bob's guide to treasury management systems: About to invest in a new system? Read this first

By Leonie Mercedes | 23 May 2017

Last month, we launched a survey among bobsguide readers who are in the process of procuring a treasury management system, or have worked with vendors to implement one. Nearly 200 of you responded – thank you again for your time – giving us illuminating insight into your experiences with treasury management systems and the evolving challenges you face as a treasurer.

Over the next five weeks we’ll be sharing the findings from the survey, and exploring the issues it has uncovered to create a series of articles aimed at helping you with the TMS procurement process, including how to select the right system for your organisation and what you should consider before making your decision.

The series will form the foundation for a comprehensive guide to procuring a new TMS which will be available next month – register your interest in receiving the full report at To whet your appetite, here are three of the survey’s most significant findings.

Respondents to the survey included corporate and banking treasurers, though we also received responses from many consultants, analysts, and vendors. The findings that follow reflect the attitudes of the entire sample. On occasion in this article, we have referred to respondents as a whole as ‘treasurers’ for simplicity.

Being a treasurer today

The majority of respondents to the survey have a TMS. Of the remaining 40% who have not invested, slightly more than half (21%) plan to in the next 12 months, but 19% have no plans at all.

Larger companies are more likely to use a TMS: while less than half (45%) of smaller companies (those with an annual revenue of up to $500m) have a TMS, 79% of larger organisations (taking more than $5bn a year) do. Smaller companies are also, unsurprisingly, far more likely to say that they have no plans to implement a TMS than their larger counterparts; 28% and 4% respectively.

As regulatory pressures and shifting economic conditions promise greater volatility in the near future, and TMS providers develop offering that are perhaps more suited to the pared down needs of smaller organisations, we’ll be interested to see which way the needle moves in coming years.

Overall, satisfaction with treasury management systems is high. 82% of respondents to the survey said that they are at least ‘somewhat satisfied’ with their TMS, while the remaining 18% say they are either ‘not very satisfied’, or ‘not at all satisfied’ with theirs.

Meanwhile, unsuitable functionality, difficulty of operation and need of an upgrade are some of the most common reasons for dissatisfaction with a TMS. Treasurers also cited systems not being fully utilised, limited capabilities, and difficulty learning to use as reasons for their dissatisfaction.

Treasurers’ concerns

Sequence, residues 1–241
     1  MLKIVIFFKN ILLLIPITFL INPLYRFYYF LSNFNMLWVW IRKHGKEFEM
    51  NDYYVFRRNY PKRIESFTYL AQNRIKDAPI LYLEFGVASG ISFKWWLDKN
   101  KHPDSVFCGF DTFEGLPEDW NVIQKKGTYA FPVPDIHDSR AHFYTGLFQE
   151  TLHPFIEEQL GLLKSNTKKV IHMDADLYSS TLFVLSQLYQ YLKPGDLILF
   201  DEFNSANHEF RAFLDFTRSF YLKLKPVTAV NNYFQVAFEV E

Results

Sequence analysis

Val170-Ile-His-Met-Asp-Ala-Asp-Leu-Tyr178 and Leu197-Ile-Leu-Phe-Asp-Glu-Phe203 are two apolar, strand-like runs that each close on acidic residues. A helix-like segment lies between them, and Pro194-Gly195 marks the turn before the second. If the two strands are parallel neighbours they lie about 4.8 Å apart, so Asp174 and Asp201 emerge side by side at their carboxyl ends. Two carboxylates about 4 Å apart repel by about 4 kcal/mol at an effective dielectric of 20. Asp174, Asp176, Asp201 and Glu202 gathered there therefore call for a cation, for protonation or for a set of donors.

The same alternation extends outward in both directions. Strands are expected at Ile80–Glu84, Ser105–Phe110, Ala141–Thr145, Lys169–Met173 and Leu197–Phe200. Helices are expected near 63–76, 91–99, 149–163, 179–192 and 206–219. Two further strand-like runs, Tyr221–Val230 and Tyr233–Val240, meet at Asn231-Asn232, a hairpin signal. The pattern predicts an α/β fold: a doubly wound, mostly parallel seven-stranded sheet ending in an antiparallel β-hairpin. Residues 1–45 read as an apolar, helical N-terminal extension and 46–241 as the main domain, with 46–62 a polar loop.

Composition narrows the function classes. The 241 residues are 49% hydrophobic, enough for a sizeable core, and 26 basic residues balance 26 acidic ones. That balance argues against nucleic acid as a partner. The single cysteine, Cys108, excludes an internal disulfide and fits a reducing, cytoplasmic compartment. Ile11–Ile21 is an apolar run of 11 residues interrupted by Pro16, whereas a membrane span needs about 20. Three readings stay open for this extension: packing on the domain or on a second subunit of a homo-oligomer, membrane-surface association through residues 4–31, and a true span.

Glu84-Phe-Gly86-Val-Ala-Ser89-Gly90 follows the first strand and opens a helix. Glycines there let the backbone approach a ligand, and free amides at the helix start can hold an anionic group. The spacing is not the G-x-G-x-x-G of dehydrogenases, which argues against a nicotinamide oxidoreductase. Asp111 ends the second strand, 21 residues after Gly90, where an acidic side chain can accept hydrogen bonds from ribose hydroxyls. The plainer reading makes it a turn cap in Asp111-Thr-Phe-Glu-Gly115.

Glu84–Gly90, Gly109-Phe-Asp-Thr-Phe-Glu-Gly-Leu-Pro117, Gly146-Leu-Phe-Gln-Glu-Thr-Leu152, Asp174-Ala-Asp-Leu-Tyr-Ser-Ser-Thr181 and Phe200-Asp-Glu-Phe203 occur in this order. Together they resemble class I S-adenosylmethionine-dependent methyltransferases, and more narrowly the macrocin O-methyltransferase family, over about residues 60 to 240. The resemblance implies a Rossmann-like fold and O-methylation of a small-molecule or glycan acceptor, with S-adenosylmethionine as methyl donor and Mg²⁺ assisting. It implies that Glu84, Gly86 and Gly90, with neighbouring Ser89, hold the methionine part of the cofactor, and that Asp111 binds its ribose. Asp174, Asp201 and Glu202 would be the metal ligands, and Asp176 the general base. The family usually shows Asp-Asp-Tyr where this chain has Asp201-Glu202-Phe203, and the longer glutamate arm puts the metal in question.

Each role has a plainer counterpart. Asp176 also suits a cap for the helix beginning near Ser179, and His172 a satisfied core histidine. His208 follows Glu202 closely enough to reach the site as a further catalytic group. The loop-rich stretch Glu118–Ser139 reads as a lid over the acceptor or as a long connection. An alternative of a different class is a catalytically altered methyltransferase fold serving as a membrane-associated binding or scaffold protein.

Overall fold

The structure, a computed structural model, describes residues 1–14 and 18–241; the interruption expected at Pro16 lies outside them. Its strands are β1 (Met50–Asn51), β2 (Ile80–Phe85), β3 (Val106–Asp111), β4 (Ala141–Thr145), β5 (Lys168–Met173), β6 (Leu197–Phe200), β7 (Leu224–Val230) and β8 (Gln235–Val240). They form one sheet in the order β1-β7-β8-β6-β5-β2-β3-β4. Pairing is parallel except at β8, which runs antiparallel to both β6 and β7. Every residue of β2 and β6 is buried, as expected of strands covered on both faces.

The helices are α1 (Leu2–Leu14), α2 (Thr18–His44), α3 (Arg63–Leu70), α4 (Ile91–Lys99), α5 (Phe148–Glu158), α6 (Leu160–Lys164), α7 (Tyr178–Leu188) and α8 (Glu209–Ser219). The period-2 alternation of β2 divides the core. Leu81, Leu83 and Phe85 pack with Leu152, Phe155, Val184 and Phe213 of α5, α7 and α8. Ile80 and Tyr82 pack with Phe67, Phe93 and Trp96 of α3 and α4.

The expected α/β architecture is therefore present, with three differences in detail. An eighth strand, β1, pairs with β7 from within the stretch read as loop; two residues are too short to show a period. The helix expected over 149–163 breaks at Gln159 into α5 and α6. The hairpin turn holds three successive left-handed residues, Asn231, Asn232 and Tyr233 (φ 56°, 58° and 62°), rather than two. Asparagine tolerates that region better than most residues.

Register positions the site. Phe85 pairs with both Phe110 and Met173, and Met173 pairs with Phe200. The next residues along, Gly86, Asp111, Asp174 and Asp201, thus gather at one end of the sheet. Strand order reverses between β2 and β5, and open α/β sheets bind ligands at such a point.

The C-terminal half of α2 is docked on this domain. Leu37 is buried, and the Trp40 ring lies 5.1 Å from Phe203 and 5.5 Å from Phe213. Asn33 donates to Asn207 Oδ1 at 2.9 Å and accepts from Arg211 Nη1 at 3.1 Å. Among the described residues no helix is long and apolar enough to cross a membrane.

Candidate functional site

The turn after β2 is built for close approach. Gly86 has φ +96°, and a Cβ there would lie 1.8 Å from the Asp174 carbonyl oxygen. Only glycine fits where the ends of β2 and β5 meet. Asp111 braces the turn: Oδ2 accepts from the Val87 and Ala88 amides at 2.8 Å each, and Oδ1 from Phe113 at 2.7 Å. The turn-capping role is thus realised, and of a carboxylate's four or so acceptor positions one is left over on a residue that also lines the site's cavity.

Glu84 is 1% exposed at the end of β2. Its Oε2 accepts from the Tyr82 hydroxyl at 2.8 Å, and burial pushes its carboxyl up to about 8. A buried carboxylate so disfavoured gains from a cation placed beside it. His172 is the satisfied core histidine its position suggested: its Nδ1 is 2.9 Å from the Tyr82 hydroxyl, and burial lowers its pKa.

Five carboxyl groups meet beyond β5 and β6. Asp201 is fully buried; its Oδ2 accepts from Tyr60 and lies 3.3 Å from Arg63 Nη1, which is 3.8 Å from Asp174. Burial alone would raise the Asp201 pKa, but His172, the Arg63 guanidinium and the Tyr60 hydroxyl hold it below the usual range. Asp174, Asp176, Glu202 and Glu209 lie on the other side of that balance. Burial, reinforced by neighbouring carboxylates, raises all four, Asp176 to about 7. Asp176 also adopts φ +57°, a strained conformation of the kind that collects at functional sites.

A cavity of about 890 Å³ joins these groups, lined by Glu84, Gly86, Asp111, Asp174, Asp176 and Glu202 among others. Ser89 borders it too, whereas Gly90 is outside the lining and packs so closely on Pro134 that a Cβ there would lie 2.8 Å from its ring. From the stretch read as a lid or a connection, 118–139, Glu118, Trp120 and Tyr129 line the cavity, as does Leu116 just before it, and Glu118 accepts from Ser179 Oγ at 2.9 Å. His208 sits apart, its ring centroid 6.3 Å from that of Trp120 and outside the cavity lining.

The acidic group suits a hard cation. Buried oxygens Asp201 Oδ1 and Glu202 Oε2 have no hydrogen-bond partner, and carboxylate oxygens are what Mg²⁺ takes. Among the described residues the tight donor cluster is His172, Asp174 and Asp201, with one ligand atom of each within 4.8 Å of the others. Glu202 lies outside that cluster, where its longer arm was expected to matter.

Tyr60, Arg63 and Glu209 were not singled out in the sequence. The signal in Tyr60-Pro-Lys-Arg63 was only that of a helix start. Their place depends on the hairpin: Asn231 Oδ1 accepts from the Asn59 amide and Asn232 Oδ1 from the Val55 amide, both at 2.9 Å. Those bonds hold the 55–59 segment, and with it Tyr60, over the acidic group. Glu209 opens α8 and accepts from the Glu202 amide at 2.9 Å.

When it comes to buying a new TMS, treasurers worry most about the potential difficulty of integrating their new solution with existing systems. Of the four options we presented, this was selected most frequently – by nearly two-thirds (62%) of respondents. However, treasurers are almost equally worried about the cost of adopting a new system – 58% of respondents selected this as one of their premier concern.

In fact, cost was by far the most cited reason among those who have not invested in a TMS for not doing so. 67% of non-TMS owners said that investing in a system would be ‘too expensive’, while the next most common reason for not investing, 30 points behind, was finding spreadsheets are sufficient for the needs of the organisation, selected by 37% of respondents.

Other concerns the survey identified included perceived complexity of the treasury management system. One respondent said that their greatest concern was being able to use all of the system’s capabilities – if your organisation is investing a lot of time and money into a solution, it’s important that you can take advantage of everything it offers.

Treasurers are also concerned about possible disruption to their everyday business processes during the process of implementation, how long the implementation might take, and not having the adequate and appropriate resources to do so.

We asked respondents to select up to three of their greatest concerns, and found that not far behind ‘lack of cash visibility’ (cited by 51% of respondents), and ‘FX risk/exposure (41%) was ‘regulatory compliance’, cited by 39% of respondents.

With PSD2 and GDPR on the horizon, ensuring compliance with these regulations and avoiding fines will be high on treasurers’ agendas over the coming months. In the next article of this series, we’ll explore what organisations need to comply with different regulations, and how a treasury management system might help weather the changes.

What do you think of the survey findings so far? Does anything resonate with your experiences? Did you find anything to be unexpected? We invite you to share your comments with us at leonie mercedes contentive com.

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